Under the overall supervision of Fourth Air Force night fighter crews were organized into squadrons and entered three phases of training. Phase One consisted of familiarization training at Bakersfield Municipal Airport. Phase Two was designed to weld pilots and R/Os into teams, and included instruction at Hammer Field, while Phase Three consisted of advanced training, including intensive night flying practice, and took place at Salinas Field. Each phase lasted approximately one month. Finally, after two more months of organizational training at Santa Ana Field, the night fighter squadrons were ready for transfer overseas. The third group of squadrons, trained both in Florida and California, were sent to England as part of Ninth Air Force shortly before D–Day. They would be employed after the Normandy Invasion to initially provide night air defense over France.
Three months after the move to California, on 31 March the 481st was disbanded when the AAF found that standard military units, based on relatively inflexible tables of organization were proving less well adapted to the training mission. Accordingly a more functional system was adopted in which each base was organized into a separate numbered unit during a reorganization of units in the United States.
The 319th Wing, activated on 1 April, took over the duties of the 481st, disbanding the group and all of its squadrons on 31 March. It was replaced by the 450th Army Air Forces Base Unit (Night Fighter Replacement Training Unit) as the P-61 RTU, and the squadron designations replaced by letters (A, B, C, D). The 319th Wing completed training for six new Night Fighter Squadrons: the 426th, 427th, 547th, 548th, 549th, and 550th which deployed to both the China and Pacific Theaters. A major new mission for the units was to protect the new XX Bomber Command B-29 bases in China and later in the Marianas from Japanese night attacks.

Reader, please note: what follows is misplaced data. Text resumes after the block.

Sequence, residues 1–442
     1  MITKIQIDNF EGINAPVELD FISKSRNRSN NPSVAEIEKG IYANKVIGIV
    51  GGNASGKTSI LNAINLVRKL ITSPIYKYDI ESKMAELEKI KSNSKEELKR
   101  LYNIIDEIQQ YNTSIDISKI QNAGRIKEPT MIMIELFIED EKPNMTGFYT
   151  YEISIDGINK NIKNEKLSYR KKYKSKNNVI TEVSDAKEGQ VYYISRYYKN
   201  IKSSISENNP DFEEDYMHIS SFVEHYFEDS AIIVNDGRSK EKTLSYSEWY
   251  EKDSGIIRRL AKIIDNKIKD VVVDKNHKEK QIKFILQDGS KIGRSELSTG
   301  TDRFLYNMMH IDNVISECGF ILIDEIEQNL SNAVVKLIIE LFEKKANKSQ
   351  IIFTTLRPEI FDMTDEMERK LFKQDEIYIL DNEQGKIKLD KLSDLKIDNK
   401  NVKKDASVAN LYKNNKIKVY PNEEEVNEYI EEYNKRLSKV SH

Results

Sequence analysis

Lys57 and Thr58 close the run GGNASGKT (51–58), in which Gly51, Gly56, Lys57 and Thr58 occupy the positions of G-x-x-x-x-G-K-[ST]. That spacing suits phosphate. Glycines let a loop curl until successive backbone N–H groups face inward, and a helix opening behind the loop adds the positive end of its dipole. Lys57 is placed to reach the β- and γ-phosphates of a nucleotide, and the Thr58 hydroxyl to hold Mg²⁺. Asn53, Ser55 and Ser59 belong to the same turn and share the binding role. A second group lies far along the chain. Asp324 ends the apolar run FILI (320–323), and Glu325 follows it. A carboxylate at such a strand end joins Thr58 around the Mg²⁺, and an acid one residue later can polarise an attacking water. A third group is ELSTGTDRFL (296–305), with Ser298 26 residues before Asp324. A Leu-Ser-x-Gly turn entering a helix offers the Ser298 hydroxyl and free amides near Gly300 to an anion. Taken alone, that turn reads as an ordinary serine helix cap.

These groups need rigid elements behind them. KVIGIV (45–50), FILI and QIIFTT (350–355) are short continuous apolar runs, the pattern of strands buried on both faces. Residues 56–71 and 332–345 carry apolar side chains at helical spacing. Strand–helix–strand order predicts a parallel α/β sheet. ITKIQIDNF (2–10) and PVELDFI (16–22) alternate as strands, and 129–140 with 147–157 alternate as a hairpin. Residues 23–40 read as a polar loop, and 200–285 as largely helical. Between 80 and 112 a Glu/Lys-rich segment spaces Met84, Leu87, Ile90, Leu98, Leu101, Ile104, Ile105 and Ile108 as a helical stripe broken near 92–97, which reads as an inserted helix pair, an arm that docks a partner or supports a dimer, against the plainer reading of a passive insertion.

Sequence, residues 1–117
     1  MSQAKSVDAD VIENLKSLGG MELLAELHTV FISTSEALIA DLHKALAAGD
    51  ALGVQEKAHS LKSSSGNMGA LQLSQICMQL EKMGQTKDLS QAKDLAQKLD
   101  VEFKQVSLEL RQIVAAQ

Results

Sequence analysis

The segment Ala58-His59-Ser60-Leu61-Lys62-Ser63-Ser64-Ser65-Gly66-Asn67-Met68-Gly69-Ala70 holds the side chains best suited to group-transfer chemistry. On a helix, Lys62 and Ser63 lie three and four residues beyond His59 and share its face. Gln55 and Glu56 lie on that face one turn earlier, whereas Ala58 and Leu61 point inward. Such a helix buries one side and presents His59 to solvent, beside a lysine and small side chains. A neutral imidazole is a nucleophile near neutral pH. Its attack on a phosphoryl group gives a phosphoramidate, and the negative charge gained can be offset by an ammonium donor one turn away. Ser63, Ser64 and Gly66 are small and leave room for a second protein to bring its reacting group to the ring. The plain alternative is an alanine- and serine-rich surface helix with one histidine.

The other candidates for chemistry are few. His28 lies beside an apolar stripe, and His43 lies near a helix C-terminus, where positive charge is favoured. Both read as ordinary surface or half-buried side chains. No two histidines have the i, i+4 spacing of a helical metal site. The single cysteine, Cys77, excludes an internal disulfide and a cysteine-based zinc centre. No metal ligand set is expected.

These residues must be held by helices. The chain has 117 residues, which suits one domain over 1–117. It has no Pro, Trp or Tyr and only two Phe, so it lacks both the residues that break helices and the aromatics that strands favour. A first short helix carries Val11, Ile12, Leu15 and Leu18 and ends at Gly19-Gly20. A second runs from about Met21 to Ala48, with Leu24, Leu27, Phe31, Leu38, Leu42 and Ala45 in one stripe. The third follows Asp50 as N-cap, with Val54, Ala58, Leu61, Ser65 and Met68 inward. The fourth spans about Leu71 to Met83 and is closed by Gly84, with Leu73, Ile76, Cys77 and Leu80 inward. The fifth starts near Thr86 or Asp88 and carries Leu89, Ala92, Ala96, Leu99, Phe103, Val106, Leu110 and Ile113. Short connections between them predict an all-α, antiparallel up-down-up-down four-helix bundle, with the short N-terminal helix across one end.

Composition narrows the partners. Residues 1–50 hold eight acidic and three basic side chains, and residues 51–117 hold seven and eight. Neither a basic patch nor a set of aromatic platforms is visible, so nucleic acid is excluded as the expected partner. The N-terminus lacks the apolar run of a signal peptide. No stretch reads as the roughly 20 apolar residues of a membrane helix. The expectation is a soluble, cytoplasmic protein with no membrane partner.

The unit transitioned to replacement training (RTU) only on 1 December 1944 when the 550th Night Fighter Squadron was deployed to New Guinea, ending the Operational Training Mission. The training syllabus was expanded in early 1945 to include training in offensive day and night interdiction missions, as by this point in the war, enemy aircraft attacks at night were becoming less and less frequent. The well-armed P-61s carried out attacks on shipping, railroads and enemy movements, both day and night, with devastating effect. RTU training continued until the end of August 1945 when the school at Hammer Field was inactivated with the end of the war in the Pacific.
- Constituted as 481st Night Fighter Operational Training Group on 12 July 1943
- Activated on 15 July 1943
- Disbanded on 31 March 1944
- Personnel and equipment reassigned to 450th Army Air Forces Base Unit (Night Fighter Replacement Training Unit), 1 April 1944
- Army Air Forces School of Applied Tactics (later Army Air Forces Tactical Center), 15 July 1943
- Fourth Air Force, 1 January – 31 March 1944
- Operational/Replacement Training Units
- 348th Night Fighter Squadron, 17 July 1943 – 26 July 1943 (Attached); 26 July 1943 – 31 March 1944 (OTU/RTU)
- Operated from : Orlando AAB (1943); Salinas AAB (1944)
- 349th Night Fighter Squadron, 17 July 1943 – 26 July 1943 (Attached); 26 July 1943 – 31 March 1944 (OTU/RTU)
- Operated from: Kissimmee AAF (1943); Hammer Field (1944)
- 420th Night Fighter Squadron, 17 July 1943 – 26 July 1943 (Attached); 26 July 1943 – 31 March 1944 (RTU)
- Operated from: Dunnellon AAF; Hammer Field (1944)
- 424th Night Fighter Squadron, 24 November 1943 – 31 March 1944 (RTU)
- Combat units trained
- Orlando Army Air Base, Florida, 15 July 1943
- Also operated from: Meadows Field Airport, Bakersfield; Delano Army Airfield; Kern County Airport; Visalia Municipal Airport, and Salinas Army Air Base
- Series "E", Volume 27, Supplemental History of the 10th–636th Squadrons. Gorrell's History of the American Expeditionary Forces Air Service, 1917–1919, National Archives, Washington, D.C.
- McFarland, Stephen L. (1988), Conquering the Night: Army Air Forces Night Fighters at War, Maxwell Air Force Base, Alabama: Air Force History and Museums Program<templatestyles src="Module:Citation/CS1/styles.css"></templatestyles>[page needed]
- Northrop P-61 Black Widow—The Complete History and Combat Record, Garry R. Pape, John M. Campbell and Donna Campbell, Motorbooks International, 1991.
- McFarland p16
- Lua error in Module:Citation/CS1/Identifiers at line 47: attempt to index field 'wikibase' (a nil value).
- Thompson and Stalling (1998), P-61 Black Widow Units of World War 2 (Osprey Combat Aircraft 8), Osprey Publishing, ISBN 1855327252[page needed]
- Lua error in Module:Citation/CS1/Identifiers at line 47: attempt to index field 'wikibase' (a nil value).
- Email from Daniel L. Haulman, PhD, Chief, Organizational Histories Branch, Air Force Historical Research Agency